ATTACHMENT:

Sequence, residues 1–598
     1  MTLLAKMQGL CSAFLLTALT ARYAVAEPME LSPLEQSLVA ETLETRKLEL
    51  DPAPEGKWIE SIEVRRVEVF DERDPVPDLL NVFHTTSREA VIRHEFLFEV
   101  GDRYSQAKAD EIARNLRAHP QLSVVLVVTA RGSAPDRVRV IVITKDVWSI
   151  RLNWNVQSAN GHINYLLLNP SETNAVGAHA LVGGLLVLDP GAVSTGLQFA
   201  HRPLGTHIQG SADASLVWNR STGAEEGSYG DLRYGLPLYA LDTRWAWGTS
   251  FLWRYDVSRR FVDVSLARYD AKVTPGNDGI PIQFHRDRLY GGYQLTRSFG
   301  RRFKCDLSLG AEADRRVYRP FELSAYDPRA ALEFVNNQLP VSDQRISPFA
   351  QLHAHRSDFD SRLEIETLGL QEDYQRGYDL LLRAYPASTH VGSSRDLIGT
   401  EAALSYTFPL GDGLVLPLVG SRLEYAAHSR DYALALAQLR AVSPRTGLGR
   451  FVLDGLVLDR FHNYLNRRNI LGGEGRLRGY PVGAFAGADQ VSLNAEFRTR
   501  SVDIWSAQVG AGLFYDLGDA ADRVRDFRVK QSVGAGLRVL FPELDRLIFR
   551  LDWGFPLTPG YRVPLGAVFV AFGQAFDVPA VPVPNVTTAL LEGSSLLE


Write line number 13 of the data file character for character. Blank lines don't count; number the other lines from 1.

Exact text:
   551  LDWGFPLTPG YRVPLGAVFV AFGQAFDVPA VPVPNVTTAL LEGSSLLE